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An Open Forum Interview
by Kevin James
Photo Credit: Rolling Stone Magazine
ICE-T: AN OPEN FORUM INTERVIEW
By Kevin James Salveson
First time I ever heard of Ice-T, I was working in a Music Plus on Lincoln near Washington in Venice, California. It was early1988.
I was going to college and working part time there. We never had any trouble. It was just people renting videos and buying CDs and candy. We'd stock the stuff on the shelves during the day and then try to hook up with our co-workers after we slid the grates shut at the end of the shift each night.
Little did we know at the time that the heat was turning up all around us. LA would be gripped by the fist of riots four years later. Meanwhile, I was just a white middle-class college boy who had grow up in the suburbs. What did I know? Some, but not much.
One day in the late late overcast afternoon of a boring May Venice beach Friday, over the store's loudspeakers slithered and prowled the song "Colors" by Tracy Marrow, aka Ice-T. Starting with that almost dubstep snakey low-synth bassline and those growling pitched down vocal samples, it was intense and menacing.
And it was threatening me with bodily harm! Without a shred of remorse.
But, hey, it was from a movie. I understood it in that context. More in your face than normal, but Tinseltown will do anything to get your attention, won't they?
It was from something involving Sean Penn; he plays a bad cop. So this was Hollywood dramatizing (and/or exploiting) the rising new wave of crack-related law and order horror stories which were starting to permeate the culture like a viral joke at the time.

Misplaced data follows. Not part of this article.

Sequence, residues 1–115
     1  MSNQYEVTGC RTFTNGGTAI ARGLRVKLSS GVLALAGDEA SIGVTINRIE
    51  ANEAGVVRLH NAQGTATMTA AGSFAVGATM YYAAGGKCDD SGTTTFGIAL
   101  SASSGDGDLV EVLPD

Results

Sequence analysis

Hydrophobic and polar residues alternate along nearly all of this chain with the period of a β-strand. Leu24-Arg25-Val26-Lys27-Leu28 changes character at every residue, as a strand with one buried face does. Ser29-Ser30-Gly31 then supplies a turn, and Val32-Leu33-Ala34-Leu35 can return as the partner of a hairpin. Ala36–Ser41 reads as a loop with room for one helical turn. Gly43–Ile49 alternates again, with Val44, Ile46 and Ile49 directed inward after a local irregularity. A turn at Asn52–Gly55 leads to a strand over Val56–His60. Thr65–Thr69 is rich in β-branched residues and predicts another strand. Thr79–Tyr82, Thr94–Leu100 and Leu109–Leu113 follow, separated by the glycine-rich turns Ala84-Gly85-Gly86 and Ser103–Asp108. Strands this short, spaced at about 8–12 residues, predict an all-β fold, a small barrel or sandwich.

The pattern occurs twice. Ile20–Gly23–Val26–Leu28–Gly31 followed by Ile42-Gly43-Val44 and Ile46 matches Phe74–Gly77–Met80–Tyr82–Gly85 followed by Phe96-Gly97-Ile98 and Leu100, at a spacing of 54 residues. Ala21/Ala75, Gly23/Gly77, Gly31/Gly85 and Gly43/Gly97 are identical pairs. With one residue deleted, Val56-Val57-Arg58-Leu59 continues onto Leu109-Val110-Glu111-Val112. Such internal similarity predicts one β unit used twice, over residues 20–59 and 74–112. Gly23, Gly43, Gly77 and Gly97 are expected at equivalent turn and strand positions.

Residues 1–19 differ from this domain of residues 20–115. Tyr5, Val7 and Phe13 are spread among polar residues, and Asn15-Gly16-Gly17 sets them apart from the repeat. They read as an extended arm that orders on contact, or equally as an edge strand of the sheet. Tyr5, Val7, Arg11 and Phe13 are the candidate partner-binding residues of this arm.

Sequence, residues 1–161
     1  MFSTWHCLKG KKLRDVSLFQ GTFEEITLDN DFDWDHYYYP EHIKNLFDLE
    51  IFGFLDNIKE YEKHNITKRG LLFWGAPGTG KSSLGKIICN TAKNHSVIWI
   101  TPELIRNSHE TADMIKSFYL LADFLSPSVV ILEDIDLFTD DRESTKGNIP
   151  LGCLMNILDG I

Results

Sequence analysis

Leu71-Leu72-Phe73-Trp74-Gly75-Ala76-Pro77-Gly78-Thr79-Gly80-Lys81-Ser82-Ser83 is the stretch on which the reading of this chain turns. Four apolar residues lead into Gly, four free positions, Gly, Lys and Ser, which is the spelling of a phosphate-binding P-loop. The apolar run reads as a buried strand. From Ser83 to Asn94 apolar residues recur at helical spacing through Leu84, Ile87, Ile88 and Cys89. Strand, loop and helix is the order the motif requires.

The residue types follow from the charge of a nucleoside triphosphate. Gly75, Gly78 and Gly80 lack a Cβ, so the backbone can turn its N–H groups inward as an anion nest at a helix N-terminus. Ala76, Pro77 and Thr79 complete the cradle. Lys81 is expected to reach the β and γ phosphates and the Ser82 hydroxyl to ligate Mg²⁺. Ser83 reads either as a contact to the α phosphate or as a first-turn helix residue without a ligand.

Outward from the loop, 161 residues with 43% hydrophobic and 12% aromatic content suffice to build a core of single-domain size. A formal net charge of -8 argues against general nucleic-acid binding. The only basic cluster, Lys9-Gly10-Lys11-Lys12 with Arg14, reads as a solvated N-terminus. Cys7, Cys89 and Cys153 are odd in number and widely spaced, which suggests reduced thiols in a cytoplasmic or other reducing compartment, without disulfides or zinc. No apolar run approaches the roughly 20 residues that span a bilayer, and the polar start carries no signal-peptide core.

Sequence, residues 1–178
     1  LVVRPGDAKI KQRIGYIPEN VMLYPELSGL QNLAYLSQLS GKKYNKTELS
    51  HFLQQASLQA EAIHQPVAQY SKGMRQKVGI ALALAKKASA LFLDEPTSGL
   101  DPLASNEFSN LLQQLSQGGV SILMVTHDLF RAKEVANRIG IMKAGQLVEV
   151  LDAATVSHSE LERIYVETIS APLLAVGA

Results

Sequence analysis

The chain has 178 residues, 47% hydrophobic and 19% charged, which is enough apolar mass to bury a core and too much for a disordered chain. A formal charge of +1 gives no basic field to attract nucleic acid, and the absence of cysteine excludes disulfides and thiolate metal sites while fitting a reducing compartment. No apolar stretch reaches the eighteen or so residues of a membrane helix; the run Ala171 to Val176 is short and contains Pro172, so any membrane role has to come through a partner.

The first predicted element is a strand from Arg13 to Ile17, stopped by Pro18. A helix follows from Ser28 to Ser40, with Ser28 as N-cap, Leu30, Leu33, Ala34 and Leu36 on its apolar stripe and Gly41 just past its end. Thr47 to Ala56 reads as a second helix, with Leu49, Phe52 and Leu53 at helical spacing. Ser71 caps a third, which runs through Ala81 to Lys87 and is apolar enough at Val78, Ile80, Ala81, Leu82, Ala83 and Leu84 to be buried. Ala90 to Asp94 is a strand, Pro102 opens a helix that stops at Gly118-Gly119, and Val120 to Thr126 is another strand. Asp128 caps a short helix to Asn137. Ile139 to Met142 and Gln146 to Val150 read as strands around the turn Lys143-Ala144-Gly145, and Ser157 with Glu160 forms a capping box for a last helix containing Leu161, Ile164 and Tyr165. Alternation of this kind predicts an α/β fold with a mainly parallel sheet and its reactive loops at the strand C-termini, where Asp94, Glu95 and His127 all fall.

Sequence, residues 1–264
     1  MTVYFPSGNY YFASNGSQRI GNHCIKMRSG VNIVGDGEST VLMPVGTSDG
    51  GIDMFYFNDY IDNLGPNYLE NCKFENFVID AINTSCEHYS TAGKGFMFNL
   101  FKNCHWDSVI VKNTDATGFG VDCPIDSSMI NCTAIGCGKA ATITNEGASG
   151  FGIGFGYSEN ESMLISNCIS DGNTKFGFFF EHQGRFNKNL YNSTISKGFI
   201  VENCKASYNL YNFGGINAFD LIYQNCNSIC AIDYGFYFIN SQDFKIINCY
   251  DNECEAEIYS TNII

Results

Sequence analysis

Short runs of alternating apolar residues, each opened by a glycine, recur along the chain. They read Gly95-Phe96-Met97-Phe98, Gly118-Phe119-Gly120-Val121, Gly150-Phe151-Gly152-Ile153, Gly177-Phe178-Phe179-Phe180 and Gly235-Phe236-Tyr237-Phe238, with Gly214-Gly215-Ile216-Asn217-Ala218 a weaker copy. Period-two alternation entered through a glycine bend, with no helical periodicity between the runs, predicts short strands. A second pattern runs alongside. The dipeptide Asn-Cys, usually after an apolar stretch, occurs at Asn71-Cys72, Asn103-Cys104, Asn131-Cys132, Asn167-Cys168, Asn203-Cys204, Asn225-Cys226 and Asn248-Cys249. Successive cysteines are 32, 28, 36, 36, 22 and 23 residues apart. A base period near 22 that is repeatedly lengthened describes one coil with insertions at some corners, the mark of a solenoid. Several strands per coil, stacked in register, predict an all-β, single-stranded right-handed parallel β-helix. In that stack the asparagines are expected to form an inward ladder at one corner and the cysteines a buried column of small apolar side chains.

Gangsters, an old film topic to be sure.
But what had never seen before was gangsters themselves shooting the film in order to profit from the celebration of their criminal acts. Yet this song "Colors" was from the monster's own POV, presented without filter.
Deal with it. And we, as a nation, certainly had to.
* * *
Central to justifying that shocking content were complaints about abuse of police power in Los Angeles in the Darryl Gates era. Certainly, those complaints were legitimate. Yet from society's point of view, a few bad apples don't justify chaos or burning down the local Little Ceasars.
The rule of law is what makes America great. We were founded on it. The Bill of Rights restricts government abuse of power as well as illegal behavior by citizens against other innocent citizens; the court a forum where the law is structured to apply equally to all (abuses notwithstanding).
If the police were abusive the reason was --from their point of view-- that the criminals were becoming brazen.They were just fighting back, though they were expected to have one hand tied down to a book of laws and the concept of justice whereas the criminal element had no loyalty to anything but their own selfish ends.
If a gangster wanted to impart moral force to their complaints about the police violating the rule of law then they ought to be a shining example of lawfulness in their own communities, right? Then they'd have the high ground.